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The Advent of Palliative Care for Persons with Disabilities

The first Sunday of Advent (December 3, 2017), fell on the International Day of Persons with Disabilities. The Advent of palliative care for people with disabilities was heralded in Monday’s Gospel reading of the Roman centurion mentioning to Jesus that his “servant lies at home paralyzed, and suffering terribly.” Jesus healed the servant without (a) being asked, or (b) even seeing or touching him, a technique palliative care practitioners have yet to master. The story can still inspire us to meditate, however, on how we can improve the availability of palliative care for persons with disabilities.

We must begin by asking people with disabilities what services they need to face life limiting illnesses, and how they would like to access such care. We need to ask, what does “healing” look like for you? Perhaps it begins with being seen, heard, and made visible by the rest of the world that does not yet have a disability. The vast majority of people with disabilities are not “paralysed and suffering dreadfully,” like the centurion’s servant in the Gospel, but the vast majority are invisible.

Until my sister Ruth had a stroke and was confined to a wheelchair, I didn’t give a thought to how disability un-friendly most cities are (I pushed her around the Baltimore neighborhood) or how negligent and disorganised the US health system is toward ageing women with disabilities, even when they have
plenty of resources and insurance!

Speaking of how the Convention on the Rights of Persons with Disabilities can support the right to palliative care, Maria Soledad Cisternas Reyes, now UN Special Envoy on Accessibility and Disability, said at an event at the Social Forum in 2016,

The right to palliative care is not subject to progressive realisation. Palliative care becomes a fundamental pillar for the right to life and integrity of the people who need it, and is not limited only to the exercise of their right to health.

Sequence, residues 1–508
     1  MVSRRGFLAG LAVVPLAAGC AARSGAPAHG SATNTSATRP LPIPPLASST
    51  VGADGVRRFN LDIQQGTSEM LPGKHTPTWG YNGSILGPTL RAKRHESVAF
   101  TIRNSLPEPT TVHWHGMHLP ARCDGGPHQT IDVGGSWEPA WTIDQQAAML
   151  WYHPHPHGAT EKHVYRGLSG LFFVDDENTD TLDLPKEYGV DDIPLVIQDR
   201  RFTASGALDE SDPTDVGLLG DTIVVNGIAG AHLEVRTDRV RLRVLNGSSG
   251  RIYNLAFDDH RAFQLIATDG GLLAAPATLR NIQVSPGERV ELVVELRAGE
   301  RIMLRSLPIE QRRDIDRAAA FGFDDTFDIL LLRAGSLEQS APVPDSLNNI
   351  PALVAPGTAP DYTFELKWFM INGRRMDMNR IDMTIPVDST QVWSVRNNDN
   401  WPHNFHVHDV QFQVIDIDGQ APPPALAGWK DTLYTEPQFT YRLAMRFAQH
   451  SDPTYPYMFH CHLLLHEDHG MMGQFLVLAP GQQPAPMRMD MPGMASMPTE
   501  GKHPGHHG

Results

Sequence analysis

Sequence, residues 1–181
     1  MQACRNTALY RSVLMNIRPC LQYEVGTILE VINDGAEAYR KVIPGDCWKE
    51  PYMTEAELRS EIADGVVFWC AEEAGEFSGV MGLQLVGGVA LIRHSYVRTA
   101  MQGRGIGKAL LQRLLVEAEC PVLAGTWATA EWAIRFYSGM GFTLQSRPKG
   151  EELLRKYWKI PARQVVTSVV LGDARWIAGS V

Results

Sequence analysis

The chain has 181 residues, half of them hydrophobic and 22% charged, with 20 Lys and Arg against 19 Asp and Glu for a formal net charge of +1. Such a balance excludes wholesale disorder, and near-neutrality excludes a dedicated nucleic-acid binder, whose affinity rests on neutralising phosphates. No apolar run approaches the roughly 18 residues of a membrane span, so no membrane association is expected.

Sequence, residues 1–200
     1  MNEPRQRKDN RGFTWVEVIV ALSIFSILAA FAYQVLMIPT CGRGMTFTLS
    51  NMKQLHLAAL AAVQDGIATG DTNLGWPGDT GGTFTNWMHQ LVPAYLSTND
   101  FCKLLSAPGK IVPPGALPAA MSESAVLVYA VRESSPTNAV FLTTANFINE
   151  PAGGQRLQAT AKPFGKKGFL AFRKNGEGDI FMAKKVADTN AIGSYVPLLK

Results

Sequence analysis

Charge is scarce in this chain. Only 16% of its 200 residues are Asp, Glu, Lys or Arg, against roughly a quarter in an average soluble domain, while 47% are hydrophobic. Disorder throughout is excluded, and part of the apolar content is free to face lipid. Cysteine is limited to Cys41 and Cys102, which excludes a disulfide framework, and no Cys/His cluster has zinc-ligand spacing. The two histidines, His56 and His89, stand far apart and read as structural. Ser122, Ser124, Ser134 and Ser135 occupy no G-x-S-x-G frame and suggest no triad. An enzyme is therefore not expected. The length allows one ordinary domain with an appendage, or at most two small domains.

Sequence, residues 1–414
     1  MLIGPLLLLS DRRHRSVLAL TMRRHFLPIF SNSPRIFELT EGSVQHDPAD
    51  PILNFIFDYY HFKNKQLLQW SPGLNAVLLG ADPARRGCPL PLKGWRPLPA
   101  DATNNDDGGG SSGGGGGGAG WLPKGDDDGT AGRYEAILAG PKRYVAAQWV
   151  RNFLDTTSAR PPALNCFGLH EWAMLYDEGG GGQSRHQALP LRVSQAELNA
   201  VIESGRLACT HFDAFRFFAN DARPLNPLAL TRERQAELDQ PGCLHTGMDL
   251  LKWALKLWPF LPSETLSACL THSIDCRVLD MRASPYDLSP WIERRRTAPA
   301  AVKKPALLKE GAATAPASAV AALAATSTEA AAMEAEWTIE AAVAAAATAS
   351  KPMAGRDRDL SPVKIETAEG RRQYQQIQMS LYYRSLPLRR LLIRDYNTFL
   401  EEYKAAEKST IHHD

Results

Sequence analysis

From another perspective, palliative care is also essential for the exercise other rights such as freedom of expression and opinion, access to information (Art. 21), as well as enjoyment of the family environment (Art. 23), and inclusion in the community (Art. 19). Like the civil rights listed above, these are subject to immediate realisation and respect, and palliative care is a key factor in their enjoyment

Along these lines, the focal point and coordinating mechanisms for implementation of the Convention must develop actions specific to the promotion of palliative care, which also must be monitored by the supervisory mechanisms at the national level (Art. 33). Today, we are at a crucial moment for implementation of the Sustainable Development Goals (SDGs) and the Agenda 2030, with the motto “leave no one behind”. Therefore, also in the instruments concerning social development we can find a strong foundation of support for the promotion, development and implementation of the palliative care at the national level.

Advent cannot come too soon for persons with disabilities who need palliative care. The Palliative Care Association of Uganda is doing a wonderful job working with the deaf community in that country,
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and the European Association for Palliative Care is working with community groups to provide palliative care for persons with intellectual disabilities.
This Advent is just the beginning. We must do more for those paralyzed with suffering if no one is to be left behind as the Sustainable Development Goals (and the Gospels) proclaim.